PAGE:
Are you lacking confidence about financial planning, saving for retirement – and money in general? If you’re a woman, you have plenty of company:
- Nearly four-in-10 (38%) Canadian women admit they know “very little” about finance and investments.1
- The Financial well-being in Canada survey found 66% of people who’s financial situation is “quite bad” or “very bad,” were women.
And this was before the COVID-19 pandemic. And the subsequent “shecession” where more women than men left the workforce to care for their loved ones.
Stereotypes, systemic inequalities, and lower income jobs mean women earn and save less than men. And they’re less likely to invest to build their wealth too.
While this seems discouraging, there is some good news. Women are in a good position to gain more financial independence and confidence. How? Because compared to men, women are generally:
- more disciplined with saving,
- more open to becoming financially literate, and therefore
- better equipped to make good financial planning choices.
Read on to see how embracing financial feminism and gaining confidence with money can help you plan better and save more.
What is financial feminism?
Financial feminism is advocating for financial inclusion and equality between men and women. Not just for income, but for building wealth too. It’s about engaging, educating and encouraging more women to take control of their finances.
Why is financial planning especially important for women?
Financial planning (and saving in general) is important for everyone. But it’s especially vital for women for two important reasons:
- Women can generally expect to live longer in retirement than men. So, women need to save more money.
- Fact: A 65-year-old Canadian woman can expect to live another 21.7 years, on average. For men, it’s 18.7 years.2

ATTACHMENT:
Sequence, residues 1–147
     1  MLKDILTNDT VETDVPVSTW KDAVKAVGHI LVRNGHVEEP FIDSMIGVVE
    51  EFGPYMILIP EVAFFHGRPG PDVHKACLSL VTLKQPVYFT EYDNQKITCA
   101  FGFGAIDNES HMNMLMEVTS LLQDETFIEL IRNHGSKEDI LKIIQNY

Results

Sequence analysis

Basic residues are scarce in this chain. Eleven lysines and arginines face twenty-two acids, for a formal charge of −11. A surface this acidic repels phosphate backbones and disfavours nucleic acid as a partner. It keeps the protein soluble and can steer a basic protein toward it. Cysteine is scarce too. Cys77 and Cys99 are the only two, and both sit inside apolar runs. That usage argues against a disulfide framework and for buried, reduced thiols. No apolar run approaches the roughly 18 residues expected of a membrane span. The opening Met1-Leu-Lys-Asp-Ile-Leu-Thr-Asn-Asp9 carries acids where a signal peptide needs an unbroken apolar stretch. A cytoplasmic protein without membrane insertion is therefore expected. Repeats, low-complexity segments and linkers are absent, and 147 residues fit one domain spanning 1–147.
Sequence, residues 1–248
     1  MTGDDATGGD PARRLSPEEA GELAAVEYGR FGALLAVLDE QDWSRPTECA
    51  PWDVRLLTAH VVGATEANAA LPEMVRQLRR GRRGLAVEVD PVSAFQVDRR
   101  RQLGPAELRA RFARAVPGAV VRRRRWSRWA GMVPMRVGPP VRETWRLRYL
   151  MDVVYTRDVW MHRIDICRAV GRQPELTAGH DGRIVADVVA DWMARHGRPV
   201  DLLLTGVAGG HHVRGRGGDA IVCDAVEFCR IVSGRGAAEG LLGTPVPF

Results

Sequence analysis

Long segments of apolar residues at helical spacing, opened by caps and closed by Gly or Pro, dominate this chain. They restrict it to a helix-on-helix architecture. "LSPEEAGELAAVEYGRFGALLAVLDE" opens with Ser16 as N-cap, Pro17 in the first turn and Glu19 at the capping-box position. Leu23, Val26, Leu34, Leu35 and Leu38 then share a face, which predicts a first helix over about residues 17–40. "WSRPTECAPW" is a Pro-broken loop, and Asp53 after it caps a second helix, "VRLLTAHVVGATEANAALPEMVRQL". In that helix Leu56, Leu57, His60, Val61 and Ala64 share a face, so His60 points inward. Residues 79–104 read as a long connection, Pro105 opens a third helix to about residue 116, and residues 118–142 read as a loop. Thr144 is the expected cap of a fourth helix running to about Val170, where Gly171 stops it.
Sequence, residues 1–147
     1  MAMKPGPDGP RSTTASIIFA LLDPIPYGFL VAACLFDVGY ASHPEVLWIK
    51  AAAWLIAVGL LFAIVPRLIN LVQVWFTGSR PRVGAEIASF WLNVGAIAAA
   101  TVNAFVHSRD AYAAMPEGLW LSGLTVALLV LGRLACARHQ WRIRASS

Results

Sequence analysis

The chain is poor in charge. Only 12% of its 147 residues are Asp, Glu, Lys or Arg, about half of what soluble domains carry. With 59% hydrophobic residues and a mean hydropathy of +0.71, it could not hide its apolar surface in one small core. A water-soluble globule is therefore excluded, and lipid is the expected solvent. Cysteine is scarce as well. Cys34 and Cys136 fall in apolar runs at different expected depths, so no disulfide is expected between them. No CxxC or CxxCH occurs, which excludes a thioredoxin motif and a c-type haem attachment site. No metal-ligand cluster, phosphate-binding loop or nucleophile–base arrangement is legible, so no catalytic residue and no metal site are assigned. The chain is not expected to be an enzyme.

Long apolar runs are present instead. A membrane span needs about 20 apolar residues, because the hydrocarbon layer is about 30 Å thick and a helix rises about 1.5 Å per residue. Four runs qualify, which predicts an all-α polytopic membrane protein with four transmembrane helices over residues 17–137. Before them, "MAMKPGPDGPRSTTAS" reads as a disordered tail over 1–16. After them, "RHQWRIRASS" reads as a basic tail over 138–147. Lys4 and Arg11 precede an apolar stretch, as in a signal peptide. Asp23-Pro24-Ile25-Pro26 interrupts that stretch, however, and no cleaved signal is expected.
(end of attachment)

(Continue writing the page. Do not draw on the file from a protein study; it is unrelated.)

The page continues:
- Women generally make less money than men. So, women have less income to save for those non-working, retirement years.
- Fact: Women workers in Canada earned an average of 76.8 cents for every dollar earned by men in 2019.3
How can women improve their finances?
Here are 7 ways women can embrace financial feminism, overcome their saving challenges and become financially independent:
1. Improve your financial literacy
Financial literacy is all about:
- knowing how to manage your personal finances,
- keeping track of your expenses, and
- investing wisely.
So, it makes sense that the more you know about financial products, concepts and practices, the better decisions you can make about your money.
To improve, start educating yourself about personal finances– even if it’s just a few minutes here and there. Doing so will make you feel more confident and help you manage your money better.
2. Start saving right away
The sooner you start saving, the more opportunity your investments will have for long-term growth. This helps increase your chances of building substantial savings. In fact, the people who have the most success with their finances start saving early and save often.
3. Make a plan
Don’t have a plan? That’s ok! An advisor can help. They’ll work with you to:
- set your retirement savings goals,
- create a plan to meet your goals, and
- choose investments that jibe with how comfortable you are with risk.
4. Find an advisor who gets you
It's important to find an advisor who's a good fit. After all, you need to work with an advisor you trust.
To help find the right fit, start by making a checklist of what you need from a planning and personality perspective. Then, when you’re meeting with advisors pay attention to things like:
- Does the advisor listen to you?
- Does the advisor understand your hopes and projects for the future?
- Are they giving equal weight to your thoughts, questions and concerns? (If you’re meeting the advisor with your spouse).
And if you already have an advisor, you don't have to 'put up' with someone whom you feel uncomfortable with. An advisor is there to 'advise.' The plan you build for your present and future needs to be a collective project.